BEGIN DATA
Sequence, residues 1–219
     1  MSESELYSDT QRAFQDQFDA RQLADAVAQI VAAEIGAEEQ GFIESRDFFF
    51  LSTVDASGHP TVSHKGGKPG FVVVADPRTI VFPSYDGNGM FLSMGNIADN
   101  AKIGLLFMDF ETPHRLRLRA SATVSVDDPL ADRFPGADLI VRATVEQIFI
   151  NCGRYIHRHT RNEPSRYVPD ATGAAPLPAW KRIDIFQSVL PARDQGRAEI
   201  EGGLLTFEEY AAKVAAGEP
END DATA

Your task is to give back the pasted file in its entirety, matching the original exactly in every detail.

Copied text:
Sequence, residues 1–219
     1  MSESELYSDT QRAFQDQFDA RQLADAVAQI VAAEIGAEEQ GFIESRDFFF
    51  LSTVDASGHP TVSHKGGKPG FVVVADPRTI VFPSYDGNGM FLSMGNIADN
   101  AKIGLLFMDF ETPHRLRLRA SATVSVDDPL ADRFPGADLI VRATVEQIFI
   151  NCGRYIHRHT RNEPSRYVPD ATGAAPLPAW KRIDIFQSVL PARDQGRAEI
   201  EGGLLTFEEY AAKVAAGEP